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Language-Independent Clone Detection Applied to Plagiarism Detection

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5 Author(s)
Romain Brixtel ; GREYC-CNRS, Univ. of Caen Basse-Normandie, Caen, France ; Mathieu Fontaine ; Boris Lesner ; Cyril Bazin
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Clone detection is usually applied in the context of detecting small-to medium scale fragments of duplicated code in large software systems. In this paper, we address the problem of clone detection applied to plagiarism detection in the context of source code assignments done by computer science students. Plagiarism detection comes with a distinct set of constraints to usual clone detection approaches, which influenced the design of the approach we present in this paper. For instance, the source code can be heavily changed at a superficial level (in an attempt to look genuine), yet be functionally very similar. Since assignments turned in by computer science students can be in a variety of languages, we work at the syntactic level and do not consider the source-code semantics. Consequently, the approach we propose is endogenous and makes no assumption about the programming language being analysed. It is based on an alignment method using the parallel principle at local resolution (character level) to compute similarities between documents. We tested our framework on hundreds of real source files, involving a wide array of programming languages (Java, C, Python, PHP, Haskell, bash). Our approach allowed us to discover previously undetected frauds, and to empirically evaluate its accuracy and robustness.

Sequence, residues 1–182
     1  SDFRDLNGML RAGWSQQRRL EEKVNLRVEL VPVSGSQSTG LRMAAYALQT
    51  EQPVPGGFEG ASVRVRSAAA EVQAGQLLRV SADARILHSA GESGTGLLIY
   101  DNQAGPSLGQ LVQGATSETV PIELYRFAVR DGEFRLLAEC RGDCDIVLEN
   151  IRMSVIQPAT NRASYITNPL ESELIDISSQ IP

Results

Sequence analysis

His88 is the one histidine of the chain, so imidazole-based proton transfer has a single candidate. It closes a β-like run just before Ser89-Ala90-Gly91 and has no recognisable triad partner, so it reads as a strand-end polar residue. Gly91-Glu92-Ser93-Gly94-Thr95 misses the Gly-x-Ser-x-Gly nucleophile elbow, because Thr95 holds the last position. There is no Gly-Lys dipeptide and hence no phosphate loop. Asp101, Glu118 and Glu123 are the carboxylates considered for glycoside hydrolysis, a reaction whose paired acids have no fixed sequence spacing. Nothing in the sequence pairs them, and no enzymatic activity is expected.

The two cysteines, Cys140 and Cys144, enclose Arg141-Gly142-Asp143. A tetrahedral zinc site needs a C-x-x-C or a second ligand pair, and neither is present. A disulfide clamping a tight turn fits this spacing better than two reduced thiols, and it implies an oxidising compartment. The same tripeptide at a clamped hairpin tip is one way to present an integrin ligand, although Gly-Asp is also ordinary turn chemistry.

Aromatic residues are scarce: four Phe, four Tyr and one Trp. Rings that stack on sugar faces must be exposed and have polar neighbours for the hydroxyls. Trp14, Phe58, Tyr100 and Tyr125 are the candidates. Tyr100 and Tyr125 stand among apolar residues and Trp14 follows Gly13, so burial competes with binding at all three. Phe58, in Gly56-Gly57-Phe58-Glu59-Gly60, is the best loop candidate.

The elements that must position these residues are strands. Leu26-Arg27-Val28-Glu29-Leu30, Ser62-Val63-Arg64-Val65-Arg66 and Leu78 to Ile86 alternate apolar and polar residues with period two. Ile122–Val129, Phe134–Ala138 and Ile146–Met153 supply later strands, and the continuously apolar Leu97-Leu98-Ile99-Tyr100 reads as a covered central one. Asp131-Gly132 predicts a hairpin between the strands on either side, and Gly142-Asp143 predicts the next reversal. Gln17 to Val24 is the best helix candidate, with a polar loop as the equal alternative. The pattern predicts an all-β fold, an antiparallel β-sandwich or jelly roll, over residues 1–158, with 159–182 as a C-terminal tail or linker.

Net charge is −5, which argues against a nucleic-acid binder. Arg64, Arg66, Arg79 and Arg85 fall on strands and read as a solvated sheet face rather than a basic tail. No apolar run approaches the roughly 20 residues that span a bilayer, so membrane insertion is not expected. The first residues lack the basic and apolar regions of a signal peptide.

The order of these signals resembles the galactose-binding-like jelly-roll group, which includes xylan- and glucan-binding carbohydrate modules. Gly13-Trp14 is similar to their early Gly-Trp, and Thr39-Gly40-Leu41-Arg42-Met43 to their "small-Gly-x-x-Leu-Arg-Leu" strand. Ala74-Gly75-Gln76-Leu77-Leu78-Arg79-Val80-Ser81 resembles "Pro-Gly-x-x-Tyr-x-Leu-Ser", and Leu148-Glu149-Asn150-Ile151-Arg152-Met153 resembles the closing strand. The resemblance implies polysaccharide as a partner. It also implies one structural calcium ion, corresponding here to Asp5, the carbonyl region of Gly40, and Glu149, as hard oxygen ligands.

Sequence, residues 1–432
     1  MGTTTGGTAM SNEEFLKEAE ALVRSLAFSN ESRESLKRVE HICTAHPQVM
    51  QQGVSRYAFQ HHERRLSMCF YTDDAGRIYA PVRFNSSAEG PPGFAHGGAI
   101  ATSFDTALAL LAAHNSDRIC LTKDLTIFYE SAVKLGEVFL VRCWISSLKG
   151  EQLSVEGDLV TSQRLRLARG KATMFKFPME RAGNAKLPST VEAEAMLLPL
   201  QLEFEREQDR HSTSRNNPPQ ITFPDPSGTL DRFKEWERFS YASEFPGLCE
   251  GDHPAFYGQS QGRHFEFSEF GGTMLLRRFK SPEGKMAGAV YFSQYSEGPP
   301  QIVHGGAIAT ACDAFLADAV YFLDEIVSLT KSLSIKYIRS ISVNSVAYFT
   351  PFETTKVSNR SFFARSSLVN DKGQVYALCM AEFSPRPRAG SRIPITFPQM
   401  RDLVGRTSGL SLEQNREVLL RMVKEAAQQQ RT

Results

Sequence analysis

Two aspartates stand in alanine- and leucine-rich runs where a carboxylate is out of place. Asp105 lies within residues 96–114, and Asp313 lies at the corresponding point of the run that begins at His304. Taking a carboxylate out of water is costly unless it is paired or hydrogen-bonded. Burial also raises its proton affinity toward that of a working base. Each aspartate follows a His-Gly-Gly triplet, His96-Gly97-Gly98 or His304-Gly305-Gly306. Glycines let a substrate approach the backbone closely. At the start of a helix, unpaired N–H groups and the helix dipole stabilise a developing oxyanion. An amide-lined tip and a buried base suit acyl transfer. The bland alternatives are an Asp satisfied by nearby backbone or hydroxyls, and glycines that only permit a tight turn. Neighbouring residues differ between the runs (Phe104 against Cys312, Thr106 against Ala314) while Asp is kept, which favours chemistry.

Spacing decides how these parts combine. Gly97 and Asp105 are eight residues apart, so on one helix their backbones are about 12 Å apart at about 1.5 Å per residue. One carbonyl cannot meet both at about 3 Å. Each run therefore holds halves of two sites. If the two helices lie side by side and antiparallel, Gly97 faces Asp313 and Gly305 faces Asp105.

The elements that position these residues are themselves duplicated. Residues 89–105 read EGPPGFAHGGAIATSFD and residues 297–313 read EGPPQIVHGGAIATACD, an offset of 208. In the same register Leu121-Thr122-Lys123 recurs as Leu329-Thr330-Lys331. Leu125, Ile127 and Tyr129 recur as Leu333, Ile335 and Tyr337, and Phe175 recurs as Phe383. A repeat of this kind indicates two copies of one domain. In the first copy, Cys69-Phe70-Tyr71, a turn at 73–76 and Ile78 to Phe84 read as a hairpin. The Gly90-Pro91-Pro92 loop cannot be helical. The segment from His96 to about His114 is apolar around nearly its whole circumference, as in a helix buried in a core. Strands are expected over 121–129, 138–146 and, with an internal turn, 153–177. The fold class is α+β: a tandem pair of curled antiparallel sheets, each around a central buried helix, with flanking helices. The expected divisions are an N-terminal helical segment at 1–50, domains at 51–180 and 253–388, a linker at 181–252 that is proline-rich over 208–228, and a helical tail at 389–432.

Published in:

Source Code Analysis and Manipulation (SCAM), 2010 10th IEEE Working Conference on

Date of Conference:

12-13 Sept. 2010